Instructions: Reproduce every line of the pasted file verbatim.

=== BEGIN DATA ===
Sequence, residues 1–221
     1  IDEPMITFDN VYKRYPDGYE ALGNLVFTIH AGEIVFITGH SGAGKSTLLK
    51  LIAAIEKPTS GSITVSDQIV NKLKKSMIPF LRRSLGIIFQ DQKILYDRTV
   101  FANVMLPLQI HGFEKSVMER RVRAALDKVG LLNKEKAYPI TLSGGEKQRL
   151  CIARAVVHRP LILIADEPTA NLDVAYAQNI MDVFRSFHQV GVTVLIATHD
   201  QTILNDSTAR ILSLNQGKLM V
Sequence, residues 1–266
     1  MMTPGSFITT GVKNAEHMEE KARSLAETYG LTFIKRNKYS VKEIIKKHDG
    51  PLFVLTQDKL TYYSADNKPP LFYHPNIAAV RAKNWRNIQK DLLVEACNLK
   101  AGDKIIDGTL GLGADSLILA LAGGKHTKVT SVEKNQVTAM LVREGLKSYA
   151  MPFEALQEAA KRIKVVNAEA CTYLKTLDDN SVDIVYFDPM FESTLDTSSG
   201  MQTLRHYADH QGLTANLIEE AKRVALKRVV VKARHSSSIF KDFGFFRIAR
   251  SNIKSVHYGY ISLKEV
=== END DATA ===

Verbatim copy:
Sequence, residues 1–221
     1  IDEPMITFDN VYKRYPDGYE ALGNLVFTIH AGEIVFITGH SGAGKSTLLK
    51  LIAAIEKPTS GSITVSDQIV NKLKKSMIPF LRRSLGIIFQ DQKILYDRTV
   101  FANVMLPLQI HGFEKSVMER RVRAALDKVG LLNKEKAYPI TLSGGEKQRL
   151  CIARAVVHRP LILIADEPTA NLDVAYAQNI MDVFRSFHQV GVTVLIATHD
   201  QTILNDSTAR ILSLNQGKLM V
Sequence, residues 1–266
     1  MMTPGSFITT GVKNAEHMEE KARSLAETYG LTFIKRNKYS VKEIIKKHDG
    51  PLFVLTQDKL TYYSADNKPP LFYHPNIAAV RAKNWRNIQK DLLVEACNLK
   101  AGDKIIDGTL GLGADSLILA LAGGKHTKVT SVEKNQVTAM LVREGLKSYA
   151  MPFEALQEAA KRIKVVNAEA CTYLKTLDDN SVDIVYFDPM FESTLDTSSG
   201  MQTLRHYADH QGLTANLIEE AKRVALKRVV VKARHSSSIF KDFGFFRIAR
   251  SNIKSVHYGY ISLKEV